Last week, California governor Jerry Brown signed into law the Justice for Victims Act, which will remove the statue of limitations for sex crimes in the state. The law has been referenced as the "Cosby Bill" by media and lawmakers alike, since only one of more than 50 alleged victims of Cosby's can prosecute in criminal court due to statute of limitations on sex crimes in states like California. (The singular criminal case, brought by Andrea Constand, will take place in Pennsylvania.)
California's new law, which follows in the footsteps of 17 other states, allows for the indefinite prosecution of rape, sodomy, and lewd or lascivious acts by anyone, at any age, at anytime. Previously, California imposed a ten-year statute of limitations on rape and other sex crimes. Senator Connie Leyva, who introduced the bill into the state legislature, said in a statement that it will "offer victims more time to come to terms with the horrible crime committed against them and then build up the courage to [approach] the authorities to seek justice." The application of the law won't be retroactive and the parameters will apply only to crimes committed after the law goes into effect on January 1, 2017.
The bill received unanimous support in both the California senate and assembly, and has been lauded by women's and victim's advocacy groups alike. But defense attorneys, civil libertarians, and advocates for the wrongly accused have been critical. While those who rallied behind the law referred to the ten-year statute of limitations as "arbitrary," critics say allowing more time to pass creates a wider margin for error.
"My fear is that it's really dangerous, because even the smallest number of years after a crime it's really hard to mount a defense," Troy W. Slaten, a criminal defense attorney and former prosecutor, said. "Human memory is fleeting, nobody's memory gets better with time, eye-witness testimony is unreliable, alibis can become impossible to prove, records are thrown away, witnesses may move or die. All it takes is an accusation, [and] anyone can accuse anyone of anything."
Over the past 25 years, more than 1,800 people convicted of serious crimes have been proved innocent, according to the University of Michigan Law School's National Registry of Exonerations. And that number reflects only the luckiest of the innocent, who were exonerated legally on the record, as opposed to others who may be innocent but never had their cases reexamined.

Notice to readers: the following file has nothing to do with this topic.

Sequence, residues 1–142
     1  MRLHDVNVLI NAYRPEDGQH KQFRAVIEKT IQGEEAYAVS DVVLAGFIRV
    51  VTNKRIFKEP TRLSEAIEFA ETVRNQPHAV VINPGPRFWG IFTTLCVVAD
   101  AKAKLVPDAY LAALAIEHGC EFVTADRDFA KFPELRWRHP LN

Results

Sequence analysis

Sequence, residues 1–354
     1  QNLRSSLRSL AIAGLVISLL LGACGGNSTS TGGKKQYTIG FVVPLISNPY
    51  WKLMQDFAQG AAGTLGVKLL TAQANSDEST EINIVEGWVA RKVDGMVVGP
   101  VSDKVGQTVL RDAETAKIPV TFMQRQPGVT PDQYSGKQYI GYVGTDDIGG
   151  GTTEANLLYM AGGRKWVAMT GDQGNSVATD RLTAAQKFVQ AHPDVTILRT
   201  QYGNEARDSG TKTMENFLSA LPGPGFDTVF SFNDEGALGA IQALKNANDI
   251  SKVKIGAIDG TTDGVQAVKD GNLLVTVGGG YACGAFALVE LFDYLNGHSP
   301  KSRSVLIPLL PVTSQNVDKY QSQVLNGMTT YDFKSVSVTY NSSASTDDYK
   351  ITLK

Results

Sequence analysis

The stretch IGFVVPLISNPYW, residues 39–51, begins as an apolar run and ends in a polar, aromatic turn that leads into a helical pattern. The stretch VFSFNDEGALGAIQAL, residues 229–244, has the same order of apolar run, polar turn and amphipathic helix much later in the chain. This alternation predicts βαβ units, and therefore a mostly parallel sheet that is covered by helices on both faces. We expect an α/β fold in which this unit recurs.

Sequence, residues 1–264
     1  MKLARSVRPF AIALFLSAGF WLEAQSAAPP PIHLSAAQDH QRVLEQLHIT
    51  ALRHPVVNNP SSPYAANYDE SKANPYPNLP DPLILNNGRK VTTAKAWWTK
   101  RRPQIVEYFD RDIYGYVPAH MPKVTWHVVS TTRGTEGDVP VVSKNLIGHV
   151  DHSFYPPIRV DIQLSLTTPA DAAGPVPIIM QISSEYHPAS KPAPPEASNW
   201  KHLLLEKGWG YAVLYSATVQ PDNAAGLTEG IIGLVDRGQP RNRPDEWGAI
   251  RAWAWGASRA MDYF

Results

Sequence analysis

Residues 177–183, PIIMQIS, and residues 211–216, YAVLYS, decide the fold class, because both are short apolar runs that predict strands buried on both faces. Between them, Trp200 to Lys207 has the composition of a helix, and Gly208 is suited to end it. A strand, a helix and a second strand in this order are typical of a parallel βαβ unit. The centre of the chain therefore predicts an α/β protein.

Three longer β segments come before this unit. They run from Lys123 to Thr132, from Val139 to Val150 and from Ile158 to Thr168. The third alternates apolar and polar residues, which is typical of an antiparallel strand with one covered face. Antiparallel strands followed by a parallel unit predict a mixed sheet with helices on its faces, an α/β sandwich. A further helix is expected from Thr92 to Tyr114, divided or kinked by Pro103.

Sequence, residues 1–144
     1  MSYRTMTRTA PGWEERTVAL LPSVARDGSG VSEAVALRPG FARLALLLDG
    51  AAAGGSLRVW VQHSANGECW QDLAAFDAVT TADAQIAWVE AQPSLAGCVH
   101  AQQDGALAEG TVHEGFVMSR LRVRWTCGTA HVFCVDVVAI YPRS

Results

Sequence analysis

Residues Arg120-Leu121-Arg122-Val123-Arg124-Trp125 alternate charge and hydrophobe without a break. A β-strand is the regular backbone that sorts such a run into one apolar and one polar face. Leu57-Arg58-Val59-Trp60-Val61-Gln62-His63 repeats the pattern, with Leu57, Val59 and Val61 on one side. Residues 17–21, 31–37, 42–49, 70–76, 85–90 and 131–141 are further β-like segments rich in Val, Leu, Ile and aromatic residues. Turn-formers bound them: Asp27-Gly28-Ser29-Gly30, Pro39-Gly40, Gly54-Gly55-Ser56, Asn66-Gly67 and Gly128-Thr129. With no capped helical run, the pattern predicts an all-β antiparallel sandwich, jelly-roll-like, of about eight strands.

Defense attorneys and civil rights activists have argued that this bill may lead to even more false convictions, like those of Brian Banks and John Kinsel, who spent five and 16 years in prison, respectively, before their accusers recanted their allegations and the men were found innocent.
"Elimination of a statute of limitations can be helpful for those woman and men who do not initially come forward," Yosha Gunasekera, a public defender in New York, said. But she added that it can also have "unintended consequences, including false convictions, as memories fade over time."
In New York State, which no longer imposes a statute of limitations on rape, there have been "over 30 exonerations where a person was convicted of a sex crime primarily because of misidentification," according to Gunasekera. "And there are sure to be dozens, if not hundreds more."
Of course, there may be more to gain by removing the statute of limitations than keeping it. Advocates and lawmakers who support these laws hope that removing the time limit will act as a warning to sexual predators, instilling the idea that fear of criminal consequences related to rape or sexual assault won't go unpunished—even if the victim doesn't come forward right away. Leyva, the sponsor of the California law, said in an earlier statement that the bill will "help to ensure that rapists and sexual predators are not able to evade justice simply because of a shortened statute of limitations."
But Slaten worries this could cause cases to drag on indefinitely. "Even when it comes to allegations as disgusting and abhorrent as rape and sexual misconduct, we need finality in our judicial system," he said.
One organization that's benefited from that finality is the Catholic Church, which faced more than 3,400 allegations of sexual abuse by Catholic priests between 2004 and 2014. The Catholic Church has spent millions of dollars lobbying against the removal of statute of limitations in various states—presumably to avoid lawsuits stemming from the many accusations of pedophilia, molestation, and rape involving the church.
Timothy Dolan, the archbishop of New York, told New York Daily News that the church's primary reason for opposing bills such as these is that "the perpetrators don't suffer." Instead, he said, "what suffers are the services and the ministries and the apostolates that we're doing now. The bishops of 30 years ago who allegedly may have reassigned abusers, they don't suffer. They're dead, all right?"
But for supporters, California's new law represents a victory for victims of sex crimes—and will hopefully encourage other states to follow suit in removing their statute of limitations on sex crimes.
"I think [it is] possible to find balance in providing justice to victims while also protecting the civil rights of the accused, particularly if there's evidence, corroboration, and claims can substantiated," Barbara Matthews, a New York–based attorney, said. "The removing of these statutes will act as huge deterrents to people like Bill Cosby and others in power who instill fear in order to exploit and silence their victims."
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